Point (2) clearly states that the state has the power to “reasonably restrict” the freedom of speech. This limitation is not necessarily during the period of emergency, it can be imposed as and when the state deems it important and reasonable. Laws can be made which would restrict our freedom of speech, debates about decriminalizing defamation has been going on for a long time, and the Judiciary refuses to decriminalize it. The recent “Sorry Saga” of Mr Kejriwal where he had to retract his allegations against many politicians and businessmen, draws the line to the right as and when it wrongfully affects the people / community about whom the statements are made. The artifact has been accessed from the following site - https://www.india.gov.in/sites/upload_files/npi/files/coi_part_full.pdf
India doesn’t seem to a place for all the artists, cinematographers, etc to express their views in their own ways. There were several instances where huge number of films were banned due to censorship, expressions or speech against various beliefs. This is about the lack of tolerance to different beliefs. Most of the times all the bans are caused not mainly because of the fundamental right of the constitution, but based on public’s beliefs, cultures, etc. There was an all girls group rock band of Kashmir which performed only for once and received numerous criticisms on facebook, and warning from the top muslim cleric. They just banned them from their expressions saying it is ‘Un-Islamic’ and questioning ‘Is it right for them to perform in a muslim dominated state.?. This made them quit from their live performance and also from any further performances. Aren’t these teens privileged with these rights? Yes, they do. But, it isn’t the law that takes decisions but the society around us. Not only this, there were several such protests such as removal of an art exhibition in Delhi due to the obscene pictures of hindu advaitas which was against the culture.
Press censorship and the twenty one months of emergency are synonymous in the minds of many Indians. Today, very little is remembered of the democracy’s watchdog’s lion-hearted effort at resisting the censorship. Former Prime Minister Indira Gandhi imprisoned the editors of many newspapers and periodicals. Nothing captured the core of the Emergency better -“A harsh critique of the government will earn you a harsh prison sentence.” The government religiously scanned newspapers for objectionable or seditious content and then imprisoned those who were associated with the generation and publication of that content. Journalists and newspapers then provided us with some of the best examples of exploiting loopholes and evading surveillance. The artefact in the left appeared in the obituaries section of the Times of India. At first glance, it appears to be the obituary of a non-descript gentleman by the name of O’cracy who is mourned by his family. A closer look reveals the genius of this wittily worded obituary. This jocular condemnation showed that even in the most strictly-surveilled regimes, white spaces (spaces that have no/vague rules) exist. The artefact on the right makes the most powerful use of the literal white space on a newspaper. By printing a blank front page, The Indian Express steered clear of every tactic of intimidation the government placed before it. It conveyed that the press’ silence could be as uncompromising and effective as editorials that would unsparingly critique the regime.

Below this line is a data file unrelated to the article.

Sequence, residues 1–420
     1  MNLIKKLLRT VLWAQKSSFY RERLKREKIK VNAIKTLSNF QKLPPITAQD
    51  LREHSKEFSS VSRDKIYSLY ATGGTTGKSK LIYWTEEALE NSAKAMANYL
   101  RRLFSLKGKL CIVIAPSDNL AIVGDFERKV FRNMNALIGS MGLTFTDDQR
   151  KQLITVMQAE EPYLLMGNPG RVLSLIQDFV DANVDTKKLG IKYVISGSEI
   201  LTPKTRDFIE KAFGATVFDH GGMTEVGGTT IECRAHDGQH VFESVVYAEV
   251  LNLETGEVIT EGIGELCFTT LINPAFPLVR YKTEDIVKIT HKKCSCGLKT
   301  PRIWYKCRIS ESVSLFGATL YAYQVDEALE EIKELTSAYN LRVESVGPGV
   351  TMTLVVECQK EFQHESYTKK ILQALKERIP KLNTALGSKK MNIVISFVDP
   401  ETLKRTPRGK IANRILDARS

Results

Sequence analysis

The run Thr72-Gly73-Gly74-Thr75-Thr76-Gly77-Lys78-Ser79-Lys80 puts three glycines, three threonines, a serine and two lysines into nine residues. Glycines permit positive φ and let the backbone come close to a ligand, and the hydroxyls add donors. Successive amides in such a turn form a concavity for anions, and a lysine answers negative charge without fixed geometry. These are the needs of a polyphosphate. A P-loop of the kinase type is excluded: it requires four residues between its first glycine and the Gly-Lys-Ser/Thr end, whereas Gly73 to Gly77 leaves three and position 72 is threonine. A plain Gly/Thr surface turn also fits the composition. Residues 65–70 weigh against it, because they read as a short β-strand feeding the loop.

The press can resist, but only for so long. The government’s arbitrariness have taken a toll. India’s rankings in the Freedom of Press Index have been dropping. The largest democracy is ranked 131 st out of the 175 countries surveyed. The Press Freedom Index intends to reflect the degree of freedom that journalists, news organisations, and netizens have in each country, and the efforts made by authorities to respect this freedom. This can be attributed to the corporate and political ownership of the major Indian media houses. Coupled with are the ramifications of the 1956 Cabinet decision that banned the entry of foreign media houses in India. This was partially lifted in 2005 and 2011 when FDIs in media houses were allowed to go up to 26% and %2% respectively. But why is this important? As long as there are a multitude of channels that contest the domination of the media scene by the state controlled broadcasting channel, we should assume that the media is representative of our democracy. Right? Not really. Plato’s Allegory of the Cave tells us why? The “news” that is broadcasted are analogous to the shadows that were cast on the cave walls. We do not see the “news”, we see the shadow of the news that is presented to us. This applies especially in cases of foreign policies or international news. Our understanding of the world and its matters is not only incomplete but also skewed. https://www.newslaundry.com/2014/02/05/who-owns- your-media- 4